have been examined extensively in systems and networking literature as persistent storage
bins for communication between machines. They have been explored as a mechanism for
executing malicious attacks on host computers, and their third-party tracking potential is
frequently noted in privacy papers. Soltani et al. (2009) were the first to present a holistic
picture of Flash LSO usage and web practices [13]. They conclude that Flash LSOs present
a substantial privacy threat because of their third-party capabilities and their obfuscation
from users, which gives them an especially persistent nature.
   As with HTTP cookies, a great deal of LSO privacy analysis has come from the public
sector. Organizations such as the Electronic Privacy Information Center (EPIC) have com-
piled public fact sheets on how third parties use LSOs to track users and many individual

developers have created stand-alone and browser add-on programs for Flash LSO manage-
ment. In the Firefox add-on tradition, BetterPrivacy is the most widely used LSO removal
and editing tool. BetterPrivacy lists all the LSOs that currently exist on a user’s machine
and allows a user to select the frequency and timing of LSO deletion. Despite a user-friendly
design, BetterPrivacy adopts the “install and forget” browser add-on model and thus pri-
marily benefits users with an understanding of LSOs and their risks. The add-on may be
less useful for users who do not have a good understanding of first-party and third-party
LSOs, or the nature of the privacy threats that they present. With FoxTracks, my goal was
to build on BetterPrivacy’s control over obfuscated LSOs by providing a visual explanation
of how third parties may set and use LSOs. By illuminating actual LSO tracking of a user’s
web activities, I extend LSO control to a wider, non-technical audience.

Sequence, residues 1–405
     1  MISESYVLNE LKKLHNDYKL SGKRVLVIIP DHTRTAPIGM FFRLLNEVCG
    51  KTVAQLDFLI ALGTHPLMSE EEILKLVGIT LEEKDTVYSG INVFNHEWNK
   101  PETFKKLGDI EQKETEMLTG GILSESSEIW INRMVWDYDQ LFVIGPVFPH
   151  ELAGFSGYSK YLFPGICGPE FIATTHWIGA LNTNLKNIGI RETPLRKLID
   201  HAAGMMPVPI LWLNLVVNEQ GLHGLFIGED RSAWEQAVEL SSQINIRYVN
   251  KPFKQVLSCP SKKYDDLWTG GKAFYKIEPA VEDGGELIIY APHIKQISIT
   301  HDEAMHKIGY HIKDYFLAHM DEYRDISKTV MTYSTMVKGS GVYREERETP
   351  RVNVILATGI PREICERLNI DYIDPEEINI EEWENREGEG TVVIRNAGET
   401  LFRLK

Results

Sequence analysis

Unlike HTTP cookies and LSOs, DOM Storage remains relatively unexplored in the aca-
demic and private sector literature. Where it does appear, it is studied for its efficiency
properties as a remote-access storage space. Between public sector organizations and indi-
vidual web developers, no software tools have been developed to specifically examine DOM
Storage contents or to clarify the exact contents to users. Some web pages hosted by privacy
interest groups like the Electronic Frontier Foundation (EFF) briefly describe the location
of DOM contents without more specific information or instances of DOM Storage use in
user tracking. FoxTracks aims to bring DOM Storage more fully into the privacy discourse
by exposing its contents to users and beginning to clarify its role in third-party tracking.
FoxTracks is thus a unique development in the body of work on DOM Storage.
   In sum, there is substantial amount of literature on HTTP cookies, significant work on
LSOs, and relatively little information about the uses of DOM Storage in tracking. While the
existing literature may inform interested users about these technologies, it provides high-level
explanations rather than a personally relevant demonstration of privacy invasion. The latter
is a more accessible and tangible educational experience for users with little background in

online privacy. Because current software tools that do show how users are personally af-
fected by tracking require intermediate technological knowledge, I designed FoxTracks to be
relevant and accessible to all Internet users. Surpassing the traditional storage management